On March 8, CompTIA Chief Technology Evangelist James Stanger and CompTIA Senior Director, Technology Analysis, Seth Robinson offered their insights into emerging technology, digital transformation and more in the latest CompTIA IT Pro Webinar, Critical Emerging Technologies Today: A Report.
Stanger began by stating that technology does not enter the workplace as quickly as we might presume. He cited the Gartner Hype Cycle, which outlines the process of how initial enthusiasm and inflated expectations transition to realistic expectations and adoption.
Robinson added that a recent example of this was cloud computing, although the cycle for cloud happened much faster than what can be expected for other emerging technologies.
“Cloud computing’s cycle was incredibly compressed in terms of making it through all of these stages, getting to the point of adoption,” he said. “When we start to look at some of the trends that followed after cloud computing … they’ve made their way through this cycle in a similar way as to what we’ve seen in the past…. Most technologies progress through this over the course of years. It’s not going to be overnight that we’re going to see these things transform.”
After discussing the evolution of cloud computing and how technology advances have moved from the corporate to consumer realm, Robinson responded to whether or not there’s an advantage to early adoption.
“The viewpoint on adoption has shifted, and where there might have been resistance before, there may be a little less resistance now, because even though you can wait [if your device is not at the end of its life], there’s this fear that you’re falling behind competitively, and you want to try and use some of these new technologies to differentiate yourself,” he said. “I think people generally want to move to the left and become early adopters, but those early adopters are trying to race to the front.”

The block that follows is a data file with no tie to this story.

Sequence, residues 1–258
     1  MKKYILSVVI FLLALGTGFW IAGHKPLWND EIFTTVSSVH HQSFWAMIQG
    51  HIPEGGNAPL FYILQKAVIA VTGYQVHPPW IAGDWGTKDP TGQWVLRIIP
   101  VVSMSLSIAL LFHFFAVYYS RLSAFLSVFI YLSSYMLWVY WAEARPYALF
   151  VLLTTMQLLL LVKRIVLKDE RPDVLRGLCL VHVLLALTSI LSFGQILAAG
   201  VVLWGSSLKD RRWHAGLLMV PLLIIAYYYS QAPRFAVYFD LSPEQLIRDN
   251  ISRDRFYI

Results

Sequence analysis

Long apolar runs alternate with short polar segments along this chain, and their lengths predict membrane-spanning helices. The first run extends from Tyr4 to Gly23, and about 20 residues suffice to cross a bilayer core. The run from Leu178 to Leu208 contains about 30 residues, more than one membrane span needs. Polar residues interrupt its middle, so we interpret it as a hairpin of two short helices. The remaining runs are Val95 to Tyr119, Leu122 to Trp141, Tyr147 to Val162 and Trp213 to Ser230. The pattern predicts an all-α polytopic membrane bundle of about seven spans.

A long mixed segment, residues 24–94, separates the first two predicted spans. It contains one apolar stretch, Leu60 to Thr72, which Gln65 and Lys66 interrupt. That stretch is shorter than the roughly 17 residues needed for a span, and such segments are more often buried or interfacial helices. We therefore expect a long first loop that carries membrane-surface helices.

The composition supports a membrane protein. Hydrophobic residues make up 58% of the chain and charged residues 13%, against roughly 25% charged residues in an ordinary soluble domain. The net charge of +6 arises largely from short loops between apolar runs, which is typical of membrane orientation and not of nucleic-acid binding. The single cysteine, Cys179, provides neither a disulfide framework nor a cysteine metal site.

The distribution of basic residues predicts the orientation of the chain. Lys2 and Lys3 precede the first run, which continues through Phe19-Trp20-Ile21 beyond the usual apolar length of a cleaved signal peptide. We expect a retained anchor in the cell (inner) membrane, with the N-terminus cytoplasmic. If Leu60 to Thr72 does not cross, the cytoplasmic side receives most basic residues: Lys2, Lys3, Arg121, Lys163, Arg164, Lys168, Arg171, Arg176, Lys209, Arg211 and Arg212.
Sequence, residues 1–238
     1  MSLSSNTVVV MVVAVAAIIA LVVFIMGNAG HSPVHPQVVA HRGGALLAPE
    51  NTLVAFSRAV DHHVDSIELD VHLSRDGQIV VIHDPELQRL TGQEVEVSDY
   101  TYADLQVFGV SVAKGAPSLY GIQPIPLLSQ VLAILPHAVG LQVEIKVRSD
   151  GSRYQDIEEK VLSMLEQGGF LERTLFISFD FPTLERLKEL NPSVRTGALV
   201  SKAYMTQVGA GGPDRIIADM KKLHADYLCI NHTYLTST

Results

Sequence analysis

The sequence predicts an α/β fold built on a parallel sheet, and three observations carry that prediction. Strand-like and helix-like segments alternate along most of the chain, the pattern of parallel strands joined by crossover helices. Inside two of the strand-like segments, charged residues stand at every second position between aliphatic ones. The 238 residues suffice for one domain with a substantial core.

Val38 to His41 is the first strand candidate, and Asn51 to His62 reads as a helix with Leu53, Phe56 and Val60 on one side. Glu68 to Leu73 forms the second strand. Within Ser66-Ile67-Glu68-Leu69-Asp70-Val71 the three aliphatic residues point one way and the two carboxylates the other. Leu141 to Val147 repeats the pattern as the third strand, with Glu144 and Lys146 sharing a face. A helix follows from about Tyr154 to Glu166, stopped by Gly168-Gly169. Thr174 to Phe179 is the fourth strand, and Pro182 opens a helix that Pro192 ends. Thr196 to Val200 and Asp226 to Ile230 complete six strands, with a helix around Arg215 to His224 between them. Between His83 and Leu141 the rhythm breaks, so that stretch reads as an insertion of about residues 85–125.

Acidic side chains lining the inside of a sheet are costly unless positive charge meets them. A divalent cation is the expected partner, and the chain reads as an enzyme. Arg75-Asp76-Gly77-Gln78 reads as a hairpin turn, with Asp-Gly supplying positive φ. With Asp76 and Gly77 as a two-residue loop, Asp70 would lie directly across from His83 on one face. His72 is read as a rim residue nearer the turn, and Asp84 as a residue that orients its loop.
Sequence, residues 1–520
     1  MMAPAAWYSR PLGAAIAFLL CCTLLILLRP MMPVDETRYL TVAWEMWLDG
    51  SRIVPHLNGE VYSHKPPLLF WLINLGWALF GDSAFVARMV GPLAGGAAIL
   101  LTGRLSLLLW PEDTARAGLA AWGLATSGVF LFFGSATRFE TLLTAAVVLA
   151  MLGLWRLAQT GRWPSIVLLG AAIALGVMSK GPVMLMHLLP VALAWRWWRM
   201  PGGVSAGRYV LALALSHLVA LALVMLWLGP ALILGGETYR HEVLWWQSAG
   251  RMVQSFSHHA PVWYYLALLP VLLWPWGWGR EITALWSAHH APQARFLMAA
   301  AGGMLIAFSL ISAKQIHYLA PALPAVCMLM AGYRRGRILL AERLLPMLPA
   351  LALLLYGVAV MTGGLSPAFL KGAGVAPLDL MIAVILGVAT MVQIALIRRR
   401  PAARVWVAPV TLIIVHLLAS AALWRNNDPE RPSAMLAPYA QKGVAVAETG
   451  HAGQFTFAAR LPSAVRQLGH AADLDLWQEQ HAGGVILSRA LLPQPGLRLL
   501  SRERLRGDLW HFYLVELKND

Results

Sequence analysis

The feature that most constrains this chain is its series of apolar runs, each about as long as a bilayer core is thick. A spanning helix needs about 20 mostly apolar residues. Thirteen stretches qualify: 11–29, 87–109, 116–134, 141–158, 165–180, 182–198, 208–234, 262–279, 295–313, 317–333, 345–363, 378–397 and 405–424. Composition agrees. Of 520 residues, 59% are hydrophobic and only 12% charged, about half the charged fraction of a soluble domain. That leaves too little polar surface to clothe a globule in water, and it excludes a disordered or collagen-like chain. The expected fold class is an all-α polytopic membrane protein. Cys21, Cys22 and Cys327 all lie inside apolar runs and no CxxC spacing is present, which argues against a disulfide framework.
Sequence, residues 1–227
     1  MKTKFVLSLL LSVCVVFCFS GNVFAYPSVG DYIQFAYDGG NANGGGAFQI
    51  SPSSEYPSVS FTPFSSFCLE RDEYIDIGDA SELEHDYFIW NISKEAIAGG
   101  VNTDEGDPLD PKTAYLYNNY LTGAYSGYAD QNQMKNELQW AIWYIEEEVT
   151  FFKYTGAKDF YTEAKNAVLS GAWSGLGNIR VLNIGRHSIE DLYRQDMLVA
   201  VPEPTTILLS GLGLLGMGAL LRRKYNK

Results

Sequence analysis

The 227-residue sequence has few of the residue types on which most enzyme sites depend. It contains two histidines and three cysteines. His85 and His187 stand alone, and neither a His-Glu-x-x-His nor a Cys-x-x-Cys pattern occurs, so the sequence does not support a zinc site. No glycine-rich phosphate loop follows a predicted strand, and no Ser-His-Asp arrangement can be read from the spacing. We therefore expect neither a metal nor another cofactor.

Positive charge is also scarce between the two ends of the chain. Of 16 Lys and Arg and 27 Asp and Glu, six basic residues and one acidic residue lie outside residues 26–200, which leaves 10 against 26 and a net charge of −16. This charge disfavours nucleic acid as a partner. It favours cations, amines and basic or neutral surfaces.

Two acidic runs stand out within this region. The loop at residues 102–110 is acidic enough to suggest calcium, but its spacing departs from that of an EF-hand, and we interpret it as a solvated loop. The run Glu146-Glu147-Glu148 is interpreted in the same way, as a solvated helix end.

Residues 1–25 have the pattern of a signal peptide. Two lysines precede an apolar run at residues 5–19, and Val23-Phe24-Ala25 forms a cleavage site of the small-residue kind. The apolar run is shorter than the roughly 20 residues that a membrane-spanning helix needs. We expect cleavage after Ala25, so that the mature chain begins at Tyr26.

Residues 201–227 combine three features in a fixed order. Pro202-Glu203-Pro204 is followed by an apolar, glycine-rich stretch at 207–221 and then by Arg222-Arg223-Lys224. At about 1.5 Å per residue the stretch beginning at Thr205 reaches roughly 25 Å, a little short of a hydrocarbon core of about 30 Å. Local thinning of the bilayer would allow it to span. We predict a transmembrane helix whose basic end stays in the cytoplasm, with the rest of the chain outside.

Both experts agreed that it’s not just about the technology.
“A lot of this emerging technology is about digital transformation,” Stanger said. “As companies look around to embrace a new technology, they’re realizing we not only need to modernize our processes, but we need to fundamentally change them.”
Robinson noted that the consumerization and democratization of technology have made it easier to use and transformed people’s everyday lives.
“Something that was never digital before can now be on the network, and you can make your business better,” he said.
When it comes to artificial intelligence (AI), Stanger said that while we can program machines to make predictions based on conditions or take context into account, it cannot replace jobs that require human judgement.
“AI can do what the programmers have told it to do. It can do some learning on its own … but programmers are still giving parameters, and there’s a lot of training that goes into AI,” he said. “When we get into the things it can’t do, there will always be some limits, but the bounds will change as we do more training and expand the parameters.”
The hour-long webinar continued with discussions around blockchain, networking as it applies to emerging technology and emerging technology at the service desk. The presentation concluded with insights into cybersecurity and emerging technology.
“For any piece of emerging technology that you pick out, [you cannot] automatically assume that new tech is more secure,” Robinson said. “It’s what you do around it.”
Before heading into the Q&A session, Stanger closed with a final thought on emerging technology and security.
“To me, the more that you can take a look at your business processes and truly transform your company’s technology and your security approach, then you’re going to be able to use these technologies much more efficiently,” he said.
To earn continuing education units toward the renewal of CompTIA A+, CompTIA Network+ and CompTIA Cloud+, watch the complete on-demand webinar.